With New Orleanians bracing for what could be the worst week yet in the local coronavirus crisis, local restaurants, farmers, and produce wholesalers are offering alternatives to grocery store shopping with pivots to retail, pickup, and delivery.
Farms Add Non-Membership, Direct-to-Consumer Produce Sales
The current pause on farmers markets and temporary closure of many top New Orleans restaurants coincides with a busy growing season, says Cheryl Nunes of local farm River Queen Greens. River Queen Greens opted out of farmers markets before operations were suspended, and instantly shifted to increasing its farm share by partnering with other local growers.
After quadrupling their farm share capacity, “we tweaked our pickup system so that members only touch their own shares, and we offer home delivery to high-risk and/or quarantined members,” Nunes told Growing for Market. River Queen Greens has also added one-off produce pickups (follow here) for those without a farm share membership.
One of River Queen Green’s partners is Covey Rise Farms, a preferred source for some of New Orleans’s top chefs and restaurants. Covey Rise has added more direct-to-consumer sales with a schedule of pickups around town at Thalia, Capulet, Gnarly Barley Brewing, and more. The large bags of fresh-harvested produce go for $30, estimated to be enough for 2 to 3 meals for a family of 4 to 5.
Produce Wholesalers Sell Direct to Public
A larger local provider has shifted further, moving entirely to personal home delivery after hearing about an older couple fearful of entering a grocery store. 70-year old produce wholesaler Mistretta’s Produce, which says it typically supplies 100 restaurants in the New Orleans area, is now offering four produce box options for free delivery local delivery.
The city’s biggest wholesale produce supplier, Louisiana Fresh Produce, is also selling directly to the public for the first time, offering curbside pickup at its Gert Town warehouse on S. Dupre Street. Fruit, vegetable, and even crawfish boil boxes can be ordered to pick up the following day, Monday through Saturday from 9 a.m. to 1 p.m.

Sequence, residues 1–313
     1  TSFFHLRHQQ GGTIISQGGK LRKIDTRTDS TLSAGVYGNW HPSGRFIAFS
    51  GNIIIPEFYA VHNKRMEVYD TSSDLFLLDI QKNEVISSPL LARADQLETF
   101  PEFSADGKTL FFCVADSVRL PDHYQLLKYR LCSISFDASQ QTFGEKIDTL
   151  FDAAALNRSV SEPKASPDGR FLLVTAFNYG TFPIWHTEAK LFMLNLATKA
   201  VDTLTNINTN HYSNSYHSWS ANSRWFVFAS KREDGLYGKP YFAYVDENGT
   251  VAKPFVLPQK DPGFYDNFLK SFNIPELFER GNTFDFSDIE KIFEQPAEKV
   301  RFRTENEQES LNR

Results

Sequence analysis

At least a few local restaurants have moved to selling produce and other groceries, including Fat Boy Pantry, the LGD cafe and juice bar that typically sticks to high-quality sandwiches, coffee drinks, and ice cream. It was an early adapter, adding fresh produce to its new online ordering system weeks ago. The wide range of fruit and vegetables can be ordered by 8 p.m. for pickup or delivery the next day, Monday through Saturday.
Bywater staple for vegan and vegetarian food Sneaky Pickle also rolled out a market in March, just months after it finally reopened following a fire that forced a nine-month closure. Finding themselves “needing to transition once again,” owners established Sneaky Pickle Market, offering a mix of local produce, products made in-house, and groceries. An order form opens for 24 hours on Thursdays, with orders picked up or delivered on Saturday. Sunday, Sneaky Pickle opens for market window hours, where no pre-order is required.
Coffee Science, the two-year old coffee shop on Broad Street that serves world class coffee, pastries, sandwiches, and salads, has added groceries and meals to its offerings. In addition to Covey Rise produce boxes, items like Creole cream cheese, eggs, bread, and flour are available, as well as packing up quarts of soup and “dinner for two” like chicken curry and fennel sweet potato, pasta primavera, and lasagna. All items can be ordered through the shop’s website for pickup.
Check back with Eater for updates on produce pickups, delivery, and New Orleans restaurants-turned-suppliers, and let us know of local spots now selling groceries or wholesale suppliers selling directly to consumers.